|“I used to try to pick tops and bottom all the time, I had an obsession with fighting trends. I have learned to wait and watch for trend development, letting the price action and key price levels guide me. “|
Background Info / Introduction
Q. Can you please start by making a few comments about yourself to include your trading style and what products you trade, your experience in years, and what other things of a trading nature take your time on a regular basis (e.g. writing trading books/contributing to forums/coaching/speaking engagements)?
I have traded professionally as a directional trader since 2004.
I’m primarily a short term trend trader, typically looking to trade breakouts in the direction of the intraday and daily charts trend , alternatively I will trade a “regressive style” , where I look to buy weakness in an rising market or sell strength in a falling market.
In my view there is an element of gut feel attached to successful chart trading. Both of the styles I use train the mind by observing repetitive patterns, which over time gives the mind a certain bias in its decision making, by learning what works and what fails over time. It’s like learning to ride a bike , sooner or later, you remove the training wheels and you don’t have to think about it, it’s just natural.
I trade Index Futures and Spot Currency – ie., USA: the DOW, Russell and S&P 500 E mini futures., Australia: SPI 200 futures, ASIA: Hang Seng futures
In High School, I participated in several share market competitions which sparked my initial interest. I’ve been involved with the markets directly since April 2002 when I placed my first options trade with the $1000 I was given for my 18th birthday. I proceeded to blow my entire stake in 2 months.
To supplement my trading income I educate traders via my website and In addition I have a course on forex price action Pattern Trading which was released in 2008
Q. It is fair to say that most people are initially attracted to trading by money. Is this what initially attracted you or was it something else?
In the beginning, it was purely a hobby which escalated into a lifestyle and serious passion. I wouldn’t be doing this if I didn’t enjoy it, every day is unique and challenging which is what I need to get me up in the morning. For me, trading is the best job in the world, you can do it from anywhere, even in your underwear from your lounge room in any part of the world.
Most would be lying to themselves if they didn’t think of the money at the end of the line. Personally, growing up in a poor household, there comes a certain drive for financial freedom, but that’s a separate emotion and isn’t attached to my Trading pursuits.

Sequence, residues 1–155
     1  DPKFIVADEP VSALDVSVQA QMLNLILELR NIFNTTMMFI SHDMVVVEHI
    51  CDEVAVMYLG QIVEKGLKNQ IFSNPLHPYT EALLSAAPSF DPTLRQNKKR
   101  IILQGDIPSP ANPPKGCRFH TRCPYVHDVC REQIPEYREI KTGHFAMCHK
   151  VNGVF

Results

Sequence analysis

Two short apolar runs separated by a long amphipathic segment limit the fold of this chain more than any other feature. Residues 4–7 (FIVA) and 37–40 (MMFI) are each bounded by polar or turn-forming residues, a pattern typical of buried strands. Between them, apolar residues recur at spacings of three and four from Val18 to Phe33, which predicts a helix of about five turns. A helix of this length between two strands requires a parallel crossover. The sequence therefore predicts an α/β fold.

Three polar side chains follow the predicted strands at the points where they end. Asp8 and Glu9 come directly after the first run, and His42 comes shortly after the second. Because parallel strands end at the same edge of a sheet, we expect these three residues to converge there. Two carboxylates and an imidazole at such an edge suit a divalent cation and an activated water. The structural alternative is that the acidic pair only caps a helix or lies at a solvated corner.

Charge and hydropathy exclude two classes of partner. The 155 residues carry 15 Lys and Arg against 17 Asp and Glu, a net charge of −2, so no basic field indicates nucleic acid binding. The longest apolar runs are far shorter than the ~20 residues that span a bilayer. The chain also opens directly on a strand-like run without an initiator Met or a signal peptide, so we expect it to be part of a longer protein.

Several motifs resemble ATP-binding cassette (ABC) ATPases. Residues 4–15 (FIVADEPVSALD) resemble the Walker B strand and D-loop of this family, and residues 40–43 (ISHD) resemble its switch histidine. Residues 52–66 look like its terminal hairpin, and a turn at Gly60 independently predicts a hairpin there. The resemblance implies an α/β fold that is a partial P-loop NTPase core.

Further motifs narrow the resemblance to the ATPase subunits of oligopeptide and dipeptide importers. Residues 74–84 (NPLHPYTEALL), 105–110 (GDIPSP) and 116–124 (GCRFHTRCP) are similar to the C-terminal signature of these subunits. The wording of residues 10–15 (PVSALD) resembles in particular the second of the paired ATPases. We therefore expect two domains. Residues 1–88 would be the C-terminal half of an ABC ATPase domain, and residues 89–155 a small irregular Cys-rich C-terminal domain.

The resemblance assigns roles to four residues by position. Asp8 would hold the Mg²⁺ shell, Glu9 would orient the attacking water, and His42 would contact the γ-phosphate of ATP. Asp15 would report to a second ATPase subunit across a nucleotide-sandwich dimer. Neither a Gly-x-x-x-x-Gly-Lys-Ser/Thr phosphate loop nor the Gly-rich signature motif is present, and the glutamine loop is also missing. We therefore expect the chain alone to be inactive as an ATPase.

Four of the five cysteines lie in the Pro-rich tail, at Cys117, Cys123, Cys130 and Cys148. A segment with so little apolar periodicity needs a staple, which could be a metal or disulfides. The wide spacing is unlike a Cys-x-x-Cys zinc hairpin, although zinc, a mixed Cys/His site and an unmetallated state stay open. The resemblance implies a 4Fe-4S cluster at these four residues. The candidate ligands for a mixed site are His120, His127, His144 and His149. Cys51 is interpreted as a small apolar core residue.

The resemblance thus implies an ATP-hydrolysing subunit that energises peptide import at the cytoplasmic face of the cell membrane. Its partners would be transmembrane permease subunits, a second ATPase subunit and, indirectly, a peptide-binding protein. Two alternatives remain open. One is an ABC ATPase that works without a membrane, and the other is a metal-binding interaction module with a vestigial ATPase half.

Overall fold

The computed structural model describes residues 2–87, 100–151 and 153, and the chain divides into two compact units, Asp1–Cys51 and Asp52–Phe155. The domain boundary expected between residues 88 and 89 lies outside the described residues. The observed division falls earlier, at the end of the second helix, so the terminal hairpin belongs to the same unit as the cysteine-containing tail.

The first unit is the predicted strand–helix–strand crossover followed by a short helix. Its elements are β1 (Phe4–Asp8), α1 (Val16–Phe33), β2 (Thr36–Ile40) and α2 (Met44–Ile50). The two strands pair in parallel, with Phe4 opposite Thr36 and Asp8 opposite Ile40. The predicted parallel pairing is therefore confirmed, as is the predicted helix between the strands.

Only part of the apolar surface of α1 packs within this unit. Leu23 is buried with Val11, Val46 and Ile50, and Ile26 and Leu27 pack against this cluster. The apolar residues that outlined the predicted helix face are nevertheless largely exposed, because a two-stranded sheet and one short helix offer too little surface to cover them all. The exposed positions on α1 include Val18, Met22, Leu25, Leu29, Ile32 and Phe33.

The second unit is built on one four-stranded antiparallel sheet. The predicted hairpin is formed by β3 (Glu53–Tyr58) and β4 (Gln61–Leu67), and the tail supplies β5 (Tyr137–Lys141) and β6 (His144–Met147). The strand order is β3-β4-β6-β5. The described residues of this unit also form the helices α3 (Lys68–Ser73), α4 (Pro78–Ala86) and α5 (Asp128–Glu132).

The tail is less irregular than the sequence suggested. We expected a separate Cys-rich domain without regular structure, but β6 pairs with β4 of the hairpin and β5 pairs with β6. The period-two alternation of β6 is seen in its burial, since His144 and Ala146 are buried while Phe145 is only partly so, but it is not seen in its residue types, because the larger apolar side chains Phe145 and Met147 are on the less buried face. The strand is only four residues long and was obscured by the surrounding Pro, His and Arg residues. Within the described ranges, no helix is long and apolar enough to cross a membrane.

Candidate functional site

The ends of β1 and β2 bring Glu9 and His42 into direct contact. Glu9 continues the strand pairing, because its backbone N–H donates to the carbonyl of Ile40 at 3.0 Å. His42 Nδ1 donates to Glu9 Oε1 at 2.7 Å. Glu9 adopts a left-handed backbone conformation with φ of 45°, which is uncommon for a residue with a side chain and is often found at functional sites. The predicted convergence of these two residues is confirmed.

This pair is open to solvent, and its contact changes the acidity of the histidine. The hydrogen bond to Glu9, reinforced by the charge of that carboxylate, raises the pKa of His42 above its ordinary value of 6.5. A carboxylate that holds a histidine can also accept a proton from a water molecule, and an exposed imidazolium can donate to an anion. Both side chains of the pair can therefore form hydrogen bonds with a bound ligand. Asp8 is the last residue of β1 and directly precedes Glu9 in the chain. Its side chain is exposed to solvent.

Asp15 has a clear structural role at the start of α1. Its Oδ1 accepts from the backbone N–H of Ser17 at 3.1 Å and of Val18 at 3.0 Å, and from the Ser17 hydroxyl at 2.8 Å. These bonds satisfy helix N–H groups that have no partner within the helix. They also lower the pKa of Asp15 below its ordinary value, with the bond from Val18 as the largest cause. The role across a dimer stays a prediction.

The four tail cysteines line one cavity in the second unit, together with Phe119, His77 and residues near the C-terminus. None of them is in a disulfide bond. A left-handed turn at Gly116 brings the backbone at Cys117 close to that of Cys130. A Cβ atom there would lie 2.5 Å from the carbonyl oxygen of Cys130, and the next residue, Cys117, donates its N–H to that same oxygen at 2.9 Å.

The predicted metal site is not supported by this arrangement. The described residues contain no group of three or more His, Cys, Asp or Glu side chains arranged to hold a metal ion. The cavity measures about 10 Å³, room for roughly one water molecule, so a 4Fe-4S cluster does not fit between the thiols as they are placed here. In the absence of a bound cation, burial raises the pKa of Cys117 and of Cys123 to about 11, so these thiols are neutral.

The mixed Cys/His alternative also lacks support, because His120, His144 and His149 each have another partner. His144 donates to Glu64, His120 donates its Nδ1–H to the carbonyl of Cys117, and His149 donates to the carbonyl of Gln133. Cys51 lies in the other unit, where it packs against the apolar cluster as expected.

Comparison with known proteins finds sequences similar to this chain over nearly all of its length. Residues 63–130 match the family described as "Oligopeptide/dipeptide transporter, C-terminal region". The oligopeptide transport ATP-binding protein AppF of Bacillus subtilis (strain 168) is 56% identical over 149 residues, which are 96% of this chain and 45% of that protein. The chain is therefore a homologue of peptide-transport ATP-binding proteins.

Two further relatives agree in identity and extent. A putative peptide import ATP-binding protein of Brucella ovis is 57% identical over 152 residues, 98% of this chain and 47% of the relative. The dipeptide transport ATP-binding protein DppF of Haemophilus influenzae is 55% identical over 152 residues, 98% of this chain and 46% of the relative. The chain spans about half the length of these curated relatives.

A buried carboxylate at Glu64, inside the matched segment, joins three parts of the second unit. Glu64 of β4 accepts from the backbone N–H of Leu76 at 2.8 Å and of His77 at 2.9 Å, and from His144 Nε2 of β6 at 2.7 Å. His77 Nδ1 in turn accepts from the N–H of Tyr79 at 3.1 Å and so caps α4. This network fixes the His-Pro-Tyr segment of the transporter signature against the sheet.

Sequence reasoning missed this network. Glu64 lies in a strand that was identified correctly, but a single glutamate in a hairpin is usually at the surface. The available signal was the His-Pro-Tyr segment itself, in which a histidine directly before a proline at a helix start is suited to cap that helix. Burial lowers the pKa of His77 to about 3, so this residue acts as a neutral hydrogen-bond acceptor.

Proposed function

Q. What are some of your good and bad memories of your early trading days?
The worst memory I have is losing 2 months of hard earned profits (over $16,000 AUD) dropping it all on a 10 lot DOW mini position, where I refused to Exit at my stop in the Pre market before the actual DOW opened. I was stubborn, but have learned from my mistake.
The best memory to date would be receiving my first commission payment from the Prop fund I trade for. It was like the completion of the first real journey and a great reward for the many hundreds of hours of hard work I put in to get there.
Q. How would you describe a couple of your biggest mistakes in your early trading days?
I used to try to pick tops and bottom all the time, I had an obsession with fighting trends. I have learned to wait and watch for trend development, letting the price action and key price levels guide me.
Q. Looking back to the beginning, in the face of the usual challenges, what motivated or inspired you to learn to trade well?
I get bored very easily, so working to be profitable at trading is a natural stimulant, similar to a sport , it’s a challenge and a serious game of strategy. I dropped out of university, so finding well paying work was near impossible. The income potential trading also offered helped with day to day motivation.
Getting to a point where you make money to pay your rent and living costs from scratch with no start up capital is typically only available to fund traders, and I am graced with this privilege. The learning journey keeps me going because global markets are always changing.
Q. On reflection, was there a single moment in time or situation that ultimately had the greatest influence on your trading?
I received a phone call from my Prop trading manager in early 2005. This is the guy employed by the fund, who monitors your trading transactions and day to day strategy. He was quite adamant that I was missing out on a fair chunk of profits, and that my trading results could be much better if I made some changes to the way I managed positions.
Even though I was making money at the time, I soon learned that the reason I was not making as much money as the senior traders in the firm was because I was all too often entering trades on the wrong side of the primary trend and I continued to fail to lock in good profits, nor did I move my stops to break even once I was in profit. This conversation was a turning point for me, as I soon learned that trade management was just as important as the entry signal.
The largest change inspired form this conversation was the idea of adding to a profitable position at strategic points as a trade moved in my favor, which quite simply makes sense as your using the markets money to multiply potential gains.